Flopsy Bunnies dreamt that their

mother was turning them over in

bed. They stirred a little in their

sleep, but still they did not wake up.

Mr. McGregor tied up the sack

and left it on the wall.

He went to put away the mowing machine.

While he was gone, Mrs. Flopsy

Bunny (who had remained at

home) came across the field.

She looked suspiciously at the sack

and wondered where everybody was?

Then the mouse came out of her

jam pot, and Benjamin took the

paper bag off his head, and they

told the doleful tale.

Benjamin and Flopsy were in despair,

they could not undo the string.

But Mrs. Tittlemouse was a

resourceful person. She nibbled a

hole in the bottom corner of the sack.

The little rabbits were pulled

out and pinched to wake them.

Their parents stuffed the empty

sack with three rotten vegetable

marrows, an old blackingbrush

and two decayed turnips.

Then they all hid under a bush

and watched for Mr. McGregor.

Mr. McGregor came back and

picked up the sack, and carried it off.

He carried it hanging down, as

if it were rather heavy.

The Flopsy Bunnies followed at

a safe distance.

They watched him go into his house.

And then they crept up to

the window to listen.

Mr. McGregor threw down the

sack on the stone floor in a way

that would have been extremely

painful to the Flopsy Bunnies, if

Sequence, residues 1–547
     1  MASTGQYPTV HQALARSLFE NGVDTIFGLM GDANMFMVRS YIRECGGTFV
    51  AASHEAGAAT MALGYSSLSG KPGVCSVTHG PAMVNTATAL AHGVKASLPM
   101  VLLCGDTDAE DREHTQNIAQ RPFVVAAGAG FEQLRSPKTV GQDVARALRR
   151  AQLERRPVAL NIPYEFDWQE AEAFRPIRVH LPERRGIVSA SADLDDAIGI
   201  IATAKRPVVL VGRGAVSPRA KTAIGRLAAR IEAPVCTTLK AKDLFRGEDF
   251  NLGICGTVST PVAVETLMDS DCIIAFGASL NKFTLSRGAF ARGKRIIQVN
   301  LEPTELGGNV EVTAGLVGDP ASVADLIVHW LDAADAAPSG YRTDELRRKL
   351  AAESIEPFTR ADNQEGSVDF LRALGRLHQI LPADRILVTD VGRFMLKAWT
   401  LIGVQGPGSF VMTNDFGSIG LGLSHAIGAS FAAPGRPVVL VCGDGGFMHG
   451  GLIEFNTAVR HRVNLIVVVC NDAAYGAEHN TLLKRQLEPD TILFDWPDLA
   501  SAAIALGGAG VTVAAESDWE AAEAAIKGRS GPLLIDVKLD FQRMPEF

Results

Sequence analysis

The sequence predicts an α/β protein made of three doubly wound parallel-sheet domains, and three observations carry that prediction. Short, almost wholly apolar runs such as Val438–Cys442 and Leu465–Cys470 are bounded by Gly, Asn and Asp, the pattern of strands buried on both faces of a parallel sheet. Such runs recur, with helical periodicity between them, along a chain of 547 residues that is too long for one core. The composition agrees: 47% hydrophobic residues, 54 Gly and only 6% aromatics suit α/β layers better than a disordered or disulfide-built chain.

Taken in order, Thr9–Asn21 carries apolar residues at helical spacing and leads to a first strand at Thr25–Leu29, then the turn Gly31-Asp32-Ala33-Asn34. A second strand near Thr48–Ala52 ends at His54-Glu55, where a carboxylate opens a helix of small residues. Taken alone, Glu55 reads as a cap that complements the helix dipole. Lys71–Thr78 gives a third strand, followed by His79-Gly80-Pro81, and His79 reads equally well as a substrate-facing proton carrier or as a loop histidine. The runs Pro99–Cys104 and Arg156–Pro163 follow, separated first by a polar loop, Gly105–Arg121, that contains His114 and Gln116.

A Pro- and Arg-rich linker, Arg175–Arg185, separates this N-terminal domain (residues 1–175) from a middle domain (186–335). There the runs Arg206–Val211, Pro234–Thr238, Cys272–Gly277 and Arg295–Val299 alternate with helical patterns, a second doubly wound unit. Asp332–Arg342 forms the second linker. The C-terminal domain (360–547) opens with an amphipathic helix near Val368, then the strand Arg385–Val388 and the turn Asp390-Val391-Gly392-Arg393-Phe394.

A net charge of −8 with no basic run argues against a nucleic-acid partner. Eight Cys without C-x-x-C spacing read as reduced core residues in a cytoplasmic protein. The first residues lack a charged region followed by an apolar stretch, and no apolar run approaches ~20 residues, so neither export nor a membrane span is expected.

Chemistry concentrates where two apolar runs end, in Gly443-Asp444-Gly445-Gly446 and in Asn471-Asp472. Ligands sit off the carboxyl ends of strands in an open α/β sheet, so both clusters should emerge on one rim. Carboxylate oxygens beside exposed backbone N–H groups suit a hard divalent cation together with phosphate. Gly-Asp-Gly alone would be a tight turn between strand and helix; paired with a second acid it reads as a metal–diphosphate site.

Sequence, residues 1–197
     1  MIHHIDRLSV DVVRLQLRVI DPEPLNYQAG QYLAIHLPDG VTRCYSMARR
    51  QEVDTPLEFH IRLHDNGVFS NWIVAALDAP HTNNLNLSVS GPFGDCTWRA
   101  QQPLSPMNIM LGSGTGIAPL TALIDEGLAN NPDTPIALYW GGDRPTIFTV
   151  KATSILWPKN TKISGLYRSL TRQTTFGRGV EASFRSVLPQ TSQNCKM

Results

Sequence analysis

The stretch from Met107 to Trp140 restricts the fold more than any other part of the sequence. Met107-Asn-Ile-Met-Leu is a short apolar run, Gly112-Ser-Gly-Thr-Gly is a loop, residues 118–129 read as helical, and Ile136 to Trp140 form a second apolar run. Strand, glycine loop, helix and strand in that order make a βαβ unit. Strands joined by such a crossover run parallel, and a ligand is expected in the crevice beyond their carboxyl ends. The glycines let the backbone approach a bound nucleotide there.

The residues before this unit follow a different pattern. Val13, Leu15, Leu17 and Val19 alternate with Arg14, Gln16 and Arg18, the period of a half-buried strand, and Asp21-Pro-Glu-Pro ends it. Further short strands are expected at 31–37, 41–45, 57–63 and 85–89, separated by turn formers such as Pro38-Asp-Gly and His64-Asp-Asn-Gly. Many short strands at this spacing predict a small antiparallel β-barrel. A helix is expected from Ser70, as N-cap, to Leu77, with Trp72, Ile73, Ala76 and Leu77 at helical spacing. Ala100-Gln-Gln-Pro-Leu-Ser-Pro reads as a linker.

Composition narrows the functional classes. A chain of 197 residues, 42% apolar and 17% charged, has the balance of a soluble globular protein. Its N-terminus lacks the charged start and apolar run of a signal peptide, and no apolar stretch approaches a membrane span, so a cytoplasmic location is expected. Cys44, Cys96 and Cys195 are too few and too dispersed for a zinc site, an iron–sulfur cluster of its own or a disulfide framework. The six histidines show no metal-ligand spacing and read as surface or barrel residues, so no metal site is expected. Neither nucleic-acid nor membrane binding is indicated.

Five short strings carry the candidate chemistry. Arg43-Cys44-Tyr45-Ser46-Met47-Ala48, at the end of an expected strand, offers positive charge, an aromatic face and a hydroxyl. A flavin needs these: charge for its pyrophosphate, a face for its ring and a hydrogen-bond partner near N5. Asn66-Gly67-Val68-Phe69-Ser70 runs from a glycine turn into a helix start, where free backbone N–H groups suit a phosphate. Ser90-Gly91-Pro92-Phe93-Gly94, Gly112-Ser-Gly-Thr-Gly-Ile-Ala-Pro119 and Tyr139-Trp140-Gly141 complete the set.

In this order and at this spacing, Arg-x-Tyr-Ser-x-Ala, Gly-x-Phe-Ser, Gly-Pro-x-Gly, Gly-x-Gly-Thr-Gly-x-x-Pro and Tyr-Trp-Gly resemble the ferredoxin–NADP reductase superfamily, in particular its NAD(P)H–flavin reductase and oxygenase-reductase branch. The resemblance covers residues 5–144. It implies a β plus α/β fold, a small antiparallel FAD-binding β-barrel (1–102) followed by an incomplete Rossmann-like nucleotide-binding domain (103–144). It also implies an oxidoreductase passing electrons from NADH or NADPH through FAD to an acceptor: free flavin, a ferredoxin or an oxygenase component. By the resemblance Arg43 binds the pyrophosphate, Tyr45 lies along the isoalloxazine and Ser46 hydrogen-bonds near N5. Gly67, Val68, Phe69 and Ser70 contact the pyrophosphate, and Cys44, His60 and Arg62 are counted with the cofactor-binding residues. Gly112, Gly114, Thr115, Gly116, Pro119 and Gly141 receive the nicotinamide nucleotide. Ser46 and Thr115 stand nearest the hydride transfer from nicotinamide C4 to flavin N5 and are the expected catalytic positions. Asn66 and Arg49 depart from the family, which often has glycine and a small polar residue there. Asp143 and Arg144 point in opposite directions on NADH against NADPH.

they had happened to have been

inside it.

They could hear him drag his

chair on the flags, and chuckle--

"One, two, three, four, five, six

leetle rabbits!" said Mr. McGregor.

"Eh? What's that? What have

they been spoiling now?" enquired

Mrs. McGregor.

"One, two, three, four, five, six

leetle fat rabbits!" repeated Mr.

McGregor, counting on his fingers

--"one, two, three--"

"Don't you be silly: what do you

mean, you silly old man?"

"In the sack! one, two, three,

four, five, six!" replied Mr. McGregor.

(The youngest Flopsy Bunny got

upon the windowsill.)

Mrs. McGregor took hold of the

sack and felt it. She said she could

feel six, but they must be OLD rabbits,

because they were so hard

and all different shapes.

"Not fit to eat; but the skins will

do fine to line my old cloak."

"Line your old cloak?" shouted

Mr. McGregor--"I shall sell them

and buy myself baccy!"

"Rabbit tobacco! I shall skin

them and cut off their heads."

Mrs. McGregor untied the

sack and put her hand inside.

When she felt the vegetables

she became very very angry.

She said that Mr. McGregor

had "done it a purpose."

And Mr. McGregor was very

angry too. One of the rotten

marrows came flying through

the kitchen window, and hit

the youngest Flopsy Bunny.

It was rather hurt.

Then Benjamin and Flopsy thought

that it was time to go home.

So Mr. McGregor did not get his

tobacco, and Mrs. McGregor did

not get her rabbit skins.

But next Christmas Thomasina

Tittlemouse got a present of

enough rabbit wool to make herself

a cloak and a hood, and a

handsome muff and a pair of

warm mittens.